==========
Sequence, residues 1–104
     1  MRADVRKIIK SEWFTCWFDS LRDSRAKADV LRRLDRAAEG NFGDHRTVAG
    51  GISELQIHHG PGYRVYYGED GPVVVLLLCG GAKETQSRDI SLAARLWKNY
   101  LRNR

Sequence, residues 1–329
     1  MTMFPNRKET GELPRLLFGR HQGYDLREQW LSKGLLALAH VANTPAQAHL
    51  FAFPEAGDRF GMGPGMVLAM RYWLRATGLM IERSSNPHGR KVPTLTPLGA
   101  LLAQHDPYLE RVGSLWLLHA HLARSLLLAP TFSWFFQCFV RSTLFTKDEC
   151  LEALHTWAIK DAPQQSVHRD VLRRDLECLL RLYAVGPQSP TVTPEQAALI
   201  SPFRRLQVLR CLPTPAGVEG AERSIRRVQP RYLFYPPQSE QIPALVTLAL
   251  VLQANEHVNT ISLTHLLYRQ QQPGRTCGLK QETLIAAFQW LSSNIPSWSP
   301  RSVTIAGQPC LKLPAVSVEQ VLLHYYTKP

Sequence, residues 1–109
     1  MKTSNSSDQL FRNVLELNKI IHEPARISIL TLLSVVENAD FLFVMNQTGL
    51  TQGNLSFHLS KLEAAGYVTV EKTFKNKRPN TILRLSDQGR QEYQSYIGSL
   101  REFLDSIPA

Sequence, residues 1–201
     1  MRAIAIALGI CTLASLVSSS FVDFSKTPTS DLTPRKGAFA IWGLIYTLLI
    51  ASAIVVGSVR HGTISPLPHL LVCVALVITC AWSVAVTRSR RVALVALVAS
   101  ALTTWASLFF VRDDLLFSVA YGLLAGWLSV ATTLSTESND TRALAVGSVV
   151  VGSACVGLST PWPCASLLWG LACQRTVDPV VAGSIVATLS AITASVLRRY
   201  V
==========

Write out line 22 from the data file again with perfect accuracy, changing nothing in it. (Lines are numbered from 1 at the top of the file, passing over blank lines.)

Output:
   201  V